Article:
Providing a comprehensive overview of the current orthopedic uses of intramedullary devices, this practical, well-illustrated guide opens with a review of the history of limb lengthening from the early external fixator up to Ilizarov's monumental discoveries, with a summary of the biology of new bone formation in a widening distraction gap. This is followed by post-Ilizarov developments with external fixators designed to ease application and increase patient tolerance of such devices, as well as a discussion of the intramedullary lengthening devices from the earliest mechanical distractors to the most modern implants, detailing the surgical principles, pre-operative planning and specific operative techniques for each. Concluding chapters focus on preventing and dealing with complications from the surgery and day-to-day post-operative management. A unique feature of the book is a cross-section atlas of the upper and lower limbs that will assist surgeons to avoid impaling neuro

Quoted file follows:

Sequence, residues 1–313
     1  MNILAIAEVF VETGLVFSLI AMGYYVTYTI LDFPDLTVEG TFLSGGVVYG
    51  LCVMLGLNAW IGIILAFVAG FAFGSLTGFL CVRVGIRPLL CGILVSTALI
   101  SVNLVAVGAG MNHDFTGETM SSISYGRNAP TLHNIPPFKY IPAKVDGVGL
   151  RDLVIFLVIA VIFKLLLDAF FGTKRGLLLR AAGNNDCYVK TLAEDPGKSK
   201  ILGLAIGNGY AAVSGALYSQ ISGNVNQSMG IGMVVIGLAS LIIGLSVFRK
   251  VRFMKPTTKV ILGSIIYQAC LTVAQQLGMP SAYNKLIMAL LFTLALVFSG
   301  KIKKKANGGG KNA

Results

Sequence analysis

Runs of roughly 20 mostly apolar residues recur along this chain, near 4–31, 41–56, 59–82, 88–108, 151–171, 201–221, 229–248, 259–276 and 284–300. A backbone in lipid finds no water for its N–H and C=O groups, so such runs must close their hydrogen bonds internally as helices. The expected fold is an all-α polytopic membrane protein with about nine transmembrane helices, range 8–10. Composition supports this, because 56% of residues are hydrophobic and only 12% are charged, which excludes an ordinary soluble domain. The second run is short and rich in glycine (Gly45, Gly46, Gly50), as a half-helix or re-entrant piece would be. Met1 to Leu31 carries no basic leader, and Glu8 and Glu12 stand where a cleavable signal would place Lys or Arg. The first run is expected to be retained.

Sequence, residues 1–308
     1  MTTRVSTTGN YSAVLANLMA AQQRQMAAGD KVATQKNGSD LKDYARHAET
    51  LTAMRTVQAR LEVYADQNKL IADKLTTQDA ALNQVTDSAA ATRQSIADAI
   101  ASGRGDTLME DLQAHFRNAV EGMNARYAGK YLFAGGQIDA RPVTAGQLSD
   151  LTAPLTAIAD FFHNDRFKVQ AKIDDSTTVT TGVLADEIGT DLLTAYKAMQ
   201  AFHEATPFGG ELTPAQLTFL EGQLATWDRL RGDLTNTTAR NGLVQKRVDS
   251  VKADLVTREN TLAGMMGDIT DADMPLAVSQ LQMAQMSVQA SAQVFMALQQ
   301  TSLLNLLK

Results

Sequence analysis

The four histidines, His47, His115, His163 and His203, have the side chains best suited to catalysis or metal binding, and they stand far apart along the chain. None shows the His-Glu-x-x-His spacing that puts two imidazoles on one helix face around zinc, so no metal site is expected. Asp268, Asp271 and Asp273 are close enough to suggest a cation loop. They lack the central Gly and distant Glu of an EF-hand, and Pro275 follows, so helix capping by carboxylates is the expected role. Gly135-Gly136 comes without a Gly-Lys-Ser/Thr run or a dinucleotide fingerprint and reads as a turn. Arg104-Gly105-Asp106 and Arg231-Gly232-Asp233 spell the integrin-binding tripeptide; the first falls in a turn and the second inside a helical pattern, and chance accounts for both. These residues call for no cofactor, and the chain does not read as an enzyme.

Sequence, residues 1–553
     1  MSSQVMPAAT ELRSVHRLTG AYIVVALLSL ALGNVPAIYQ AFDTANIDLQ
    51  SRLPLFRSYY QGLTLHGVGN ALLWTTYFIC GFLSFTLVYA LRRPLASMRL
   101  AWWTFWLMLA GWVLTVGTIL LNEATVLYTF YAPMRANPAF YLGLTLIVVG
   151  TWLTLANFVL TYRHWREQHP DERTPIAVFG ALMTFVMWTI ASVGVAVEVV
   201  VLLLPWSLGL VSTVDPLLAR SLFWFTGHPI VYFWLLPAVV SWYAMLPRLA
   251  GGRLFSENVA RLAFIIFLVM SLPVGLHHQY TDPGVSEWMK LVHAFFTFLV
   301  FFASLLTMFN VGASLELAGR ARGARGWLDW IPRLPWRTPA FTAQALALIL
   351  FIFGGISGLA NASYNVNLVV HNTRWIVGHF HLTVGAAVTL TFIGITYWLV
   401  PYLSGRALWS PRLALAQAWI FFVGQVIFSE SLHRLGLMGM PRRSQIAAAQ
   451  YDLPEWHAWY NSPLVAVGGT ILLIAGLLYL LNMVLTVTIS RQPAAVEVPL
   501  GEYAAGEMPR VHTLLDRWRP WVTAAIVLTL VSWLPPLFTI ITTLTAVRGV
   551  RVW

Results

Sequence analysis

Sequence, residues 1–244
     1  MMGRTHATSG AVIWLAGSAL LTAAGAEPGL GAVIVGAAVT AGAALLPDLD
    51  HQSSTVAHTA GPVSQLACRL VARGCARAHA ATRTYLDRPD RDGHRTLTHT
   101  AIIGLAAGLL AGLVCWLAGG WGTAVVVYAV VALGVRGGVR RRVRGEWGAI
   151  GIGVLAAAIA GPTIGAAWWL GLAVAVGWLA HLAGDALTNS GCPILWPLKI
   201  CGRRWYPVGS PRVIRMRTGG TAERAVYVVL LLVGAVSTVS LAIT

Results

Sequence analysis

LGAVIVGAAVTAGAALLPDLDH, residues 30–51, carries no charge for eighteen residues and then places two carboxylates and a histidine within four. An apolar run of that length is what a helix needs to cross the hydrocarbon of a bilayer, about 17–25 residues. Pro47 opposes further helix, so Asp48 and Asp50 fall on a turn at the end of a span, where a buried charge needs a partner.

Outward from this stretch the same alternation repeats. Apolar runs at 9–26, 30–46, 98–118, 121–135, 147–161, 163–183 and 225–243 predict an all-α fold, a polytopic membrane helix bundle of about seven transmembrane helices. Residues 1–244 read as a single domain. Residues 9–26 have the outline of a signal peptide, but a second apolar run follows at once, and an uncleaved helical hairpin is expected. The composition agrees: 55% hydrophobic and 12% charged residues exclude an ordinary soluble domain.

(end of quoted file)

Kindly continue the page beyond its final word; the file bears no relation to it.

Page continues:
vascular structures during the minimally invasive portions of operative insertion of the implants.
Intramedullary Limb Lengthening: Principles and Practice is an ideal, on-the-spot resource for orthopedic surgeons, residents and trainees treating pediatric and adult limb deformities and length deficiencies, as well as physical therapists and other health care providers who manage such patients post-operatively.
Stuart A. Green, MD, Professor, Department of Orthopedic Surgery, University of California - Irvine, Orange, CA, USA
Mark T. Dahl, MD, Gillette Children's Specialty Healthcare, University of Minnesota, Minneapolis, MN, USA